The Government is committed to working with private sector and other development partners to put industrial development at the forefront and increase the annual contribution of industry sector to the economy to 14 per cent, from the current 2 per cent.
The commitment was announced by Vincent Munyeshyaka, the minister for trade and tndustry, as the country joined the rest of the continent to celebrate the African Industrialisation Day at the Kigali Special Economic Zone, yesterday.
The minister said that while industrial development is a top priority the country’s development agenda, its contribution to national economy is still low, only at 2 per cent currently.
“We are targeting to reach an annual industrial growth of 14 per cent by 2020 from the current growth of only 2 per cent in 2016-17,” he said.
He also said that the government aims at achieving the contribution of industrial sector to the country’s GDP of 20 per cent by 2020, from 17.1 per cent in 2016-17.
“To achieve this actually requires strong partnership between the government, the private sector but also development partners, indeed, we all work for a common goal of transforming Rwandan economy into a modern and industrialised one,” he said.
Minister Munyeshyaka expressed optimism, stressing that the existing Public-Private Partnership legal framework would facilitate the development of both small and medium enterprises (SMEs) and big industries, hence real industrialisation of economy.
He said the Made-in-Rwanda initiative, launched in 2015 as a strategy to increase awareness on Rwandan products in order to recapture domestic market and lower trade deficit, would help achieve effective economic transformation where industrial sector will be leading growth within Rwandan economy.
A series of activities
Munyeshyaka said a series of key interventions have been undertaken including the periodic Made-in-Rwanda exhibition to showcase Rwandan made products, promote them and educate consumers about the benefits of buying locally made products.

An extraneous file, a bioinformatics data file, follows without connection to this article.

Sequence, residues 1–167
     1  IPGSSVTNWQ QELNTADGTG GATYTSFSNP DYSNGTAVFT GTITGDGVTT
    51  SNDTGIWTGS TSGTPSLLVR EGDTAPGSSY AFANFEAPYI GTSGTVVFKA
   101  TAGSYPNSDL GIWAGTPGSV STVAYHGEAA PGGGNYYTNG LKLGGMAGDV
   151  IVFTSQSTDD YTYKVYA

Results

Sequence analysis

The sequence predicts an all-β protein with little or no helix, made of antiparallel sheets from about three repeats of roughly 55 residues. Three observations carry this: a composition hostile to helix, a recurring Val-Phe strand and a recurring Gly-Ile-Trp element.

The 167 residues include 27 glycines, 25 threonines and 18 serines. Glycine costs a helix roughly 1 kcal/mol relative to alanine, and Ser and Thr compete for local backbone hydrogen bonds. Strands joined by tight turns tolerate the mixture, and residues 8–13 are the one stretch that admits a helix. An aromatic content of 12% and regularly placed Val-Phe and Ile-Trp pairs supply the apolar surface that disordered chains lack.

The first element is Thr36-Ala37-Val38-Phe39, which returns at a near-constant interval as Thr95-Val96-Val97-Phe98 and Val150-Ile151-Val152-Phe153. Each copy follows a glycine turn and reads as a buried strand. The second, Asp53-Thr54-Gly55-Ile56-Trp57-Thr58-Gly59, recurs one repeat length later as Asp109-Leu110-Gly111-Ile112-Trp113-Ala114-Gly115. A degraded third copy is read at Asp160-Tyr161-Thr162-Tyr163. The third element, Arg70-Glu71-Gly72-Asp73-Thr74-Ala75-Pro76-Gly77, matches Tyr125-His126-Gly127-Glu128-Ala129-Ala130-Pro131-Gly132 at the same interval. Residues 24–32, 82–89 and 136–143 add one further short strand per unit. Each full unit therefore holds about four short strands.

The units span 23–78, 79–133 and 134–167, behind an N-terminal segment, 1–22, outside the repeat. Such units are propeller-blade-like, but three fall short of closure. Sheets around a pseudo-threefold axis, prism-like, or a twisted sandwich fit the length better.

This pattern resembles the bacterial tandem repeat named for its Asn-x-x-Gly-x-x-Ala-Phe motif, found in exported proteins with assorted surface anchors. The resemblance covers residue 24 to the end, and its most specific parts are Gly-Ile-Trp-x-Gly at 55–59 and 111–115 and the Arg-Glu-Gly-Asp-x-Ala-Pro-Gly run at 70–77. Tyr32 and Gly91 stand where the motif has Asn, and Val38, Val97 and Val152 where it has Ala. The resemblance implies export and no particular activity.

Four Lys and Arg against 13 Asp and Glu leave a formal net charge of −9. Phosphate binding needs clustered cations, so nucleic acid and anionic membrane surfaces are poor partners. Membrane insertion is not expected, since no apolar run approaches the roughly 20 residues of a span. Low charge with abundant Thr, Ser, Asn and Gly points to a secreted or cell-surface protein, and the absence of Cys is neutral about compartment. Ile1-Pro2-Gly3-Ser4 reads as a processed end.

He outlined several other measures that have been taken to promote locally-made products, such as amending public procurement laws, giving local producers preference, VAT exemption for low materials and capital goods for the manufacturing sector, and technical assistance that is given to key companies for domestic market recapturing.
Others, he said, include establishment of Rwanda centre for design for clothing and some progressive reduction of industrial electricity tariff among others.
“Made-in-Rwanda policy is ready to be approved by Cabinet to see how we can create some synergies between different interventions by all stakeholders but also to see how we can keep removing the remaining industrial sector bottlenecks to make sure that the country’s ambitious industrial growth targets of 14 per cent each year are met,” he said.
Felicien Mutalikanwa, the new chairperson of the Rwanda Association of Manufacturers (RAM), said development of any economy depends on the development of its industrial ability and its ability to respond to the consumers’ need and exports.
He expressed the manufacturers’ commitment to boost industry sector.
Mutalikanwa said that manufacturing sector was committed to the expansion of the economy’s GDP, contributing 6 per cent in the second quarter of the year.
“As manufacturers, we all strive for development of the country. Our wish is customer satisfaction, we want to make the Made-in-Rwanda brand the epitome of quality and excellence,” he said.
Mutalikanwa called on Rwandans to consume locally made products, adding that this would promote industry, create jobs as well as help close trade imbalance.
The day was celebrated under the theme, “African Industrial development: A pre-condition for effective and Sustainable Continental Fee Trade Area.”